In its latest survey, an overwhelming majority of IoD members favoured the development of a meaningful industrial strategy aimed at defining specific long-term priorities for the UK economy.
Less than 10% of members felt that UK economic development should be left entirely to market forces.
The debate over industrial strategy takes place at a time when the UK’s major competitors are pursuing unprecedented measures aimed at stimulating strategic sectors and industries. These include the Inflation Reduction and CHIPS Acts in the United States and the EU’s proposed Net Zero Industry Act.
However, most IoD members do not believe that UK industrial policy should be focused on targeting specific sectors, companies or ‘national champions’ – as is common in other countries. Their priority is for an industrial strategy which focuses on reinforcing the UK’s capabilities as a centre of excellence for innovation and R&D and green investment. They also believe that should be a strong emphasis on the development of skills and infrastructure.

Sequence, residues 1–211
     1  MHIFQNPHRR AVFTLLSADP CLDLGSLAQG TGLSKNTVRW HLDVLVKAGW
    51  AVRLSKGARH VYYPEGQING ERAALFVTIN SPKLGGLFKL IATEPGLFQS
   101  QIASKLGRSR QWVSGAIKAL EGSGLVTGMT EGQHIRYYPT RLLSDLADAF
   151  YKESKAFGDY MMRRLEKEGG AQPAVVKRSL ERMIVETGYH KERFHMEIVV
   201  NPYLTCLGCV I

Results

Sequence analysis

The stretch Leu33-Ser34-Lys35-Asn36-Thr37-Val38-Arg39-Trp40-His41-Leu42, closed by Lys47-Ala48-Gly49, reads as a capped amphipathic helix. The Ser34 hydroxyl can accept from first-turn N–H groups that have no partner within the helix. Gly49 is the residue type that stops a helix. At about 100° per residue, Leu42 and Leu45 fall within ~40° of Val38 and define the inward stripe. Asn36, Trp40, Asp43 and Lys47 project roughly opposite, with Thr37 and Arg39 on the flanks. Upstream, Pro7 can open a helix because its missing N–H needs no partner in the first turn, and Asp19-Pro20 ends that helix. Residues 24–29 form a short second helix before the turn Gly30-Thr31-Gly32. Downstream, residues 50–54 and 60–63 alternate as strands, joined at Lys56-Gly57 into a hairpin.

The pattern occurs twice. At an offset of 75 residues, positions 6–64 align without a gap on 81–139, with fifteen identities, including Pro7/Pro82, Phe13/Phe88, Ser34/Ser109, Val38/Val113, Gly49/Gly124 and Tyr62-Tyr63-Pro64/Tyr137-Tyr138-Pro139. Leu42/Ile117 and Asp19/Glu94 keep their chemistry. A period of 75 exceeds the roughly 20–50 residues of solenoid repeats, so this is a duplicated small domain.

Commenting on the findings, Dr. Roger Barker, Director of Policy at the Institute of Directors, said: “The recent priority for UK government policy has been on regaining economic and financial stability, and in laying the groundwork for the return of economic growth. However, this is not enough to sustain the competitiveness of UK business. Business leaders clearly see the value of a longer-term policy framework which places innovation at its core, and which enables innovations to be commercially exploited in the UK.
“Experience suggests that UK policy-makers are ill-suited to ‘picking winners’, either in terms of companies or sectors. However, they can create a stable policy ecosystem which allows the UK to stand out in terms of its capacity to nurture innovative technologies and business models. This can be achieved both by financing and encouraging world class research, and by creating incentives and regulation that encourage the most innovative companies to scale-up in the UK and to stay here.”